-Darren Leavitt, CFA
US equity markets fell across the board as global central banks moved to decrease their quantitative easing initiatives. In the US, the Federal Reserve announced that it would double the pace of its taper to $30 billion a month and conclude its asset purchase program by the end of March 2022. The Fed kept its policy rate in place but revealed their dot plot that forecasts three rate increases in 2022. The Bank of England surprised the market with a 15 basis point increase in their policy rate. The European Central Bank laid out its plan to taper, but its asset purchasing plan will remain in place until at least 2023. The Bank of Japan, as expected, did nothing to its policy rate but did announce a plan to reduce its amount of “emergency” purchases. The differences in global central bank policy will be a significant theme to watch in the coming year and will undoubtedly influence multiple asset classes.
Concerns over the economic recovery due to the rapid spread of the Omicron variant continued to impact markets. A South African study indicated that Omicron spread 70% faster than the Delta variant, but the illness was less severe, and hospitalization rates were much lower. There was also news that the Chinese developed Sinovac vaccine appeared to be ineffective against the Omicron variant. The CDC announced that it preferred the Pfizer and Moderna vaccine over Johnson and Johnson’s vaccine because of higher efficacy rates and fewer adverse effects. The corporate world also took notice of the variant, with several companies delaying the timing of employees coming back to the office. Economic data released over the week was mixed.
The S&P 500 lost 1.9% as investors took profits in Mega Cap growth stocks. The Dow shed 1.7%, the NASDAQ led declines with a loss of 3.7%, and the Russell 2000 gave up 1.7%. Interestingly, yields fell across the US yield curve in a flattening trade. The 2-year note yield fell two basis points to 0.64%, while the 10-year yield fell nine basis points to close at 1.40%. The lower yield moves came on the heels of a less hawkish tone from Fed Chairman Jerome Powell. Oil prices fell 1% to close at $70.93 despite a larger than expected draw on inventories and a very bullish call from Goldman Sachs. Gold prices increased $20.20 or 1.1%, closing at $1805 an Oz. Cryptocurrencies continued to be volatile- Bitcoin fell by $725 to close at $46,852.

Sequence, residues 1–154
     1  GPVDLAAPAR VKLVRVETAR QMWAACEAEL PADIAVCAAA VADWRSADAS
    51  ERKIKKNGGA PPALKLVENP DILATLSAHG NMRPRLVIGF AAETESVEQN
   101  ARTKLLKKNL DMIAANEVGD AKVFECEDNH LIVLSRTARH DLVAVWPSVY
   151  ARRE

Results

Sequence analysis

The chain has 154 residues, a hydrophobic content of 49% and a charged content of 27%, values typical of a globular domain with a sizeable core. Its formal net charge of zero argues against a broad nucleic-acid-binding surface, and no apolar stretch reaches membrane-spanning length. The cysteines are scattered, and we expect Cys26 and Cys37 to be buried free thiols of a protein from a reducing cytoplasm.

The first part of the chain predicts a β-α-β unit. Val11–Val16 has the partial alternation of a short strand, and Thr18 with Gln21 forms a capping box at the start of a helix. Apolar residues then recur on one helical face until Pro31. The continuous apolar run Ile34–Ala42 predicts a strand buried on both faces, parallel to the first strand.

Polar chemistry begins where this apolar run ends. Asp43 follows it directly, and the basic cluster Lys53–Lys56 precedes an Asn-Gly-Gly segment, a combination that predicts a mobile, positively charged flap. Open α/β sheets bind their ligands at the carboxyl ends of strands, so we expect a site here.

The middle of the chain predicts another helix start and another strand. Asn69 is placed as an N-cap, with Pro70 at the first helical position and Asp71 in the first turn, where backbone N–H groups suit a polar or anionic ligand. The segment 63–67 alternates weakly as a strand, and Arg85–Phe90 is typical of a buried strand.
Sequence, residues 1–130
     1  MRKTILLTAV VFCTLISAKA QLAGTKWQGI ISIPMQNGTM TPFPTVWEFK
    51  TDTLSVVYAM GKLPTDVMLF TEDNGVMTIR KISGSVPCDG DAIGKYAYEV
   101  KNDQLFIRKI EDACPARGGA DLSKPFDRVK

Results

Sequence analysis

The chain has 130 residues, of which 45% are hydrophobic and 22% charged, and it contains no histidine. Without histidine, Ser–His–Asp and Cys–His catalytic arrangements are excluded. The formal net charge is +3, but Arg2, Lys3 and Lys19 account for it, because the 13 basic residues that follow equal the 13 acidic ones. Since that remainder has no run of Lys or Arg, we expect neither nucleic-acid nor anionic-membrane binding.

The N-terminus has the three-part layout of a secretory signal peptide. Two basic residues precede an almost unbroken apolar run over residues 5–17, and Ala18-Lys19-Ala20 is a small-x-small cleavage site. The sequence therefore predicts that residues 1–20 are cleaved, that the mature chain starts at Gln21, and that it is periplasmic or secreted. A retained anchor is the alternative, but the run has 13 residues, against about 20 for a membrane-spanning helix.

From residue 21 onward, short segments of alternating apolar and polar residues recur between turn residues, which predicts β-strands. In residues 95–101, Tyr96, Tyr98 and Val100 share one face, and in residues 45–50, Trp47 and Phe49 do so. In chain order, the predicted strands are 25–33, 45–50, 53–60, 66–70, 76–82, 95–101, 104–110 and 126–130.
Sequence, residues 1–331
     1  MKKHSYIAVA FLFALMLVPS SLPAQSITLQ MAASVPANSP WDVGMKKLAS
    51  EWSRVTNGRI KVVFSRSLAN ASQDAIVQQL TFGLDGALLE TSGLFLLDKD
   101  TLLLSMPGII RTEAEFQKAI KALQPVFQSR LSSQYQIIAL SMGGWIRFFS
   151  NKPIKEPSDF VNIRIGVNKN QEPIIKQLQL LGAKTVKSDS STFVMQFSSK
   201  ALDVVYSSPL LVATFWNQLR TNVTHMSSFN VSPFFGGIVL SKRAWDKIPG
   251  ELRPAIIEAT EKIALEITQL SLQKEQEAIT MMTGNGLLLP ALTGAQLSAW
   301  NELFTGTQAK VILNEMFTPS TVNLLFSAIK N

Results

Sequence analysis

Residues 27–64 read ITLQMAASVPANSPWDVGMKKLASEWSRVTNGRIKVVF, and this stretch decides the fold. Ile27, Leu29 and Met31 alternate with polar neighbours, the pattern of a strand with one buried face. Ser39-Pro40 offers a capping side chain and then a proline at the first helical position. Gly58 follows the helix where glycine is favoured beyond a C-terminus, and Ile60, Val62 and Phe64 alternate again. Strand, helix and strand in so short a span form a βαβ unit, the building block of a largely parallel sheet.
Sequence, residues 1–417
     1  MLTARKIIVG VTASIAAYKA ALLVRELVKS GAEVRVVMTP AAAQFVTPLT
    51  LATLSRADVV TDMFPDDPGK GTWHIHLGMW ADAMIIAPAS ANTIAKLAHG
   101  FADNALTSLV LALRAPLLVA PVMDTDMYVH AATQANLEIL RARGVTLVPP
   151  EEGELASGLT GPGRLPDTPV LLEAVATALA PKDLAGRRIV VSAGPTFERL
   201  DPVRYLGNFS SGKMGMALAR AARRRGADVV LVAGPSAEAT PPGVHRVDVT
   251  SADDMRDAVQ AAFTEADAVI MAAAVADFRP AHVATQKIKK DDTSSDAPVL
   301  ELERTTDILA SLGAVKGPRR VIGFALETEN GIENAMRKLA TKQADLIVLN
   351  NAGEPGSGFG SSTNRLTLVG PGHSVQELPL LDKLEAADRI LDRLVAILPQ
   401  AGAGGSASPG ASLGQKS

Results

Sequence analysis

Economic data was highlighted by the Producer Price Index, which came across higher on both the headline and Core. Headline PPI came in at 0.8% versus expectations of 0.5% and was up 9.6% year-over-year. The Core PPI came in at 0.7% versus the consensus estimate of 0.4% and was up 7.7% year-over-year. Retail Sales for November missed the mark coming in at just 0.3%; the street was looking for 1%. The miss in sales may be due to demand being pulled forward due to perceived supply constraints. November housing data was better than expected. Housing Starts came in at 1679K versus the estimate of 1560K, and Building Permits came in at 1712k versus 1620K. Initial Claims move up a bit in the prior week to 206K economists were looking for 192k. Continuing Claims improved, coming in at 1.845 million, down from the last week’s reading of 1.999 million.
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